Many universities have a policy of not issuing a duplicate diploma for a degree, unless your original copy is incorrect, damaged, or lost.

One example:

University Policy forbids the issuance of multiple copies of a diploma. Each diploma is considered a one-of-a-kind legal document.

Another example:

Replacement Graduation Diploma

  1. A graduation diploma will be replaced in the following cases:
    • When a diploma has been lost or damaged.
    • When the name of the holder has been changed under the regulations for the change of name process as per University records.
  2. Return of the original diploma with the request is required if the reason for replacement is due to damage or an official name change.
  3. In cases of lost or destroyed diplomas, the holder must submit a Statutory Declaration (form available below) to the University Registrar and have it signed and sealed by a Notary Public*, legally swearing that the original diploma has been lost or destroyed. The condition of the reissuance of a diploma in cases of loss or destruction is that if the original should be found at any time, the replacement diploma must be returned to the Registrar’s Office at Carleton University for cancellation.


The most explicit example:

Stanford University will not issue duplicate diplomas under any circumstances. This measure is taken to protect Alumni from identity theft. If your diploma was permanently lost or destroyed, a replacement diploma may be ordered from the Office of the University Registrar. You must fill out the Replacement Diploma Form, have it signed by a Notary Public ...

(PDF) The Stanford diploma is a unique document; neither copies nor duplicates are available.

But then, there are other universities that have no, such, restrictions on duplicate diplomas.

The inconsistent policies between universities seem to suggest that some see it as a problem and some do not. Why would duplicate diplomas be a problem in practice?

My speculation, with no evidence provided:

  • Giving a duplicate diploma to another person who coincidentally has the same name as you?
  • This rule was born in an era before telecommunications and online services? You physically carried and showed your diploma to prospective employers and academic admissions officers?
  • Interesting. My university was happy to issue a duplicate for some annoying paperwork I had to do once and I didn't want to damage the original. (The copies were printed in the current format) Jul 11, 2016 at 22:22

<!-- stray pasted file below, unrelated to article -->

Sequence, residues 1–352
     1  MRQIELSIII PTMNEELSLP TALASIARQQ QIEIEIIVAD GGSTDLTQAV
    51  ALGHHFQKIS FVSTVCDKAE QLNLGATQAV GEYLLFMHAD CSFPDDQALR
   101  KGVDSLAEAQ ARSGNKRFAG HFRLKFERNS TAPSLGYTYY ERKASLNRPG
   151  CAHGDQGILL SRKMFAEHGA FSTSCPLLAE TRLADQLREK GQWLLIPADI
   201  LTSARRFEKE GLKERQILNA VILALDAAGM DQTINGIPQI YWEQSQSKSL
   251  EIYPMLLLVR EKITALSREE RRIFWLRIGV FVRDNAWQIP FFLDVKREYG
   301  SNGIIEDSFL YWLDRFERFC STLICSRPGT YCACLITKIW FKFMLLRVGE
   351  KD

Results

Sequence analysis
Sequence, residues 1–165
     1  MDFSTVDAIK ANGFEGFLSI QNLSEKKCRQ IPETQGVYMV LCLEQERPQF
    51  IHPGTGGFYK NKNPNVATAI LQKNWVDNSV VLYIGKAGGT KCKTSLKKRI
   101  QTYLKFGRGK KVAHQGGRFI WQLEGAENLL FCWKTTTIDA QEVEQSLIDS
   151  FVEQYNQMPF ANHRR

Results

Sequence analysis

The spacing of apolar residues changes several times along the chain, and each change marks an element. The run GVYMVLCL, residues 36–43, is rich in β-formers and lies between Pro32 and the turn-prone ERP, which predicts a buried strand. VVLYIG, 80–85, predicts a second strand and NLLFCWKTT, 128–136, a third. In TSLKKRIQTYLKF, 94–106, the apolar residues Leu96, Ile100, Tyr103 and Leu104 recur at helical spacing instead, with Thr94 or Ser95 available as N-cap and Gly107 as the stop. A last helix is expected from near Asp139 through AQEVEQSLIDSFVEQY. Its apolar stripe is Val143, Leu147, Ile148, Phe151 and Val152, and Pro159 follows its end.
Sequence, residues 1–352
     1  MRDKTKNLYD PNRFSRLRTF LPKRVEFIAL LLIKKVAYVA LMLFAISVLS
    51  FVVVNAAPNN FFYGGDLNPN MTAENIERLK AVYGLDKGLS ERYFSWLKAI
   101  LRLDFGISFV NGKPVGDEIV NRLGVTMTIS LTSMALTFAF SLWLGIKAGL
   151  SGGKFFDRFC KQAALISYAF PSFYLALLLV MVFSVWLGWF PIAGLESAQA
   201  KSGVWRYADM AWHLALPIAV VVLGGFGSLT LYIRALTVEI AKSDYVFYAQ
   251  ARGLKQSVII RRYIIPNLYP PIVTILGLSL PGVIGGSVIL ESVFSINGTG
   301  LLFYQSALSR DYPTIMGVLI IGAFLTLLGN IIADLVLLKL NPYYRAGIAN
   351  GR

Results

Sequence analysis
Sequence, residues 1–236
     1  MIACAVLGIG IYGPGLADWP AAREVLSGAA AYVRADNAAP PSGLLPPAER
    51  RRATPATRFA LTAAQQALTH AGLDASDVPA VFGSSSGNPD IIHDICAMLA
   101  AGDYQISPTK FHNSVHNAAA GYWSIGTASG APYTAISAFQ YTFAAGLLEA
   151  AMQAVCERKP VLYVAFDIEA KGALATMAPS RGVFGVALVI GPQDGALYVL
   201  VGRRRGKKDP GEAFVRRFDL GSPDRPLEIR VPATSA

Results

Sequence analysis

• The Stanford example you give seems to answer the question in their case. Did you try reading the Queens university policy that the Queens quote refers to?
    – Kimball
    Jul 12, 2016 at 16:49
  • 1
    Using the physical diploma document to check whether someone has a degree is a largely outdated practice. Instead, most people doing background checks (e.g. potential employers) will contact the institution to ask for confirmation that the degree has been granted. Jan 5, 2021 at 16:34

1 Answer 1


It comes down to what the theory is about what a diploma is. Some consider it a piece of paper that you can hang up and not an explicit representation, some consider it a legal document. (Having degrees and working in Higher Ed for 20 years, often with various policies including those of Registrar's offices gives me some insight.)

Reasons for the policy: These policies are based on legal theory or precedence regarding identify theft and legal documentation. Schools with a higher 'reputation' or a better 'ranking' will have more restrictive policies to protect themselves.

Queens U, above, states "Each diploma is considered a one-of-a-kind legal document."

If you give/sell a copy to someone to attempt to represent themselves as having a diploma, then it might be fraud.

What is the difference between having two originals, and simply saying 'I lost my original, can I buy another?' -- It could be quantity. If you can go to a web site, pay $40 each and buy 100, then sell them all on Ebay with a "custom name" for $500, that's fraud. The schools are attempting to protect themselves in a few ways. Here's a sample of a fake diploma for sale: http://washingtondc.craigslist.org/nva/fns/5668595297.html

Here's a list of real diplomas for sale: http://www.ebay.com/sch/i.html?_from=R40&_trksid=p2050601.m570.l1313.TR0.TRC0.H0.Xdiploma+degree.TRS0&_nkw=diploma+degree&_sacat=0

People lie on resume's and they lie with diplomas.

Reasons why such restrictive policies are nonsense: IANAL, though, legal documents often have multiple copies, both original and duplicate. Ever buy a house? It is normal to have to sign multiple 'originals' of the contract documents.

What is the difference between having two originals, and simply saying 'I lost my original, can I buy another?' regardless of whether the original is lost.

If you have a diploma, and you make a photocopy, frame it, and hang it in your office, and keep the original in a fire-safe, seems ok to me.

For degree verification, I've been asked to provide official, sealed, stamped transcripts, not a copy of the diploma.

In summary - the policies will vary based on laws, precedence, legal theory, and/or policy.

  • 1
    The analogy between contracts and certificates is backwards. Contracts are duplicated to prevent alterations by making sure all the people who need them have them, certificates are not duplicated to prevent alterations by making sure only the people who need them have them. One is bounding above, the other is bounding below, because that is the direction of greatest importance to place a limit.
    – Nij
    Apr 19, 2017 at 8:50

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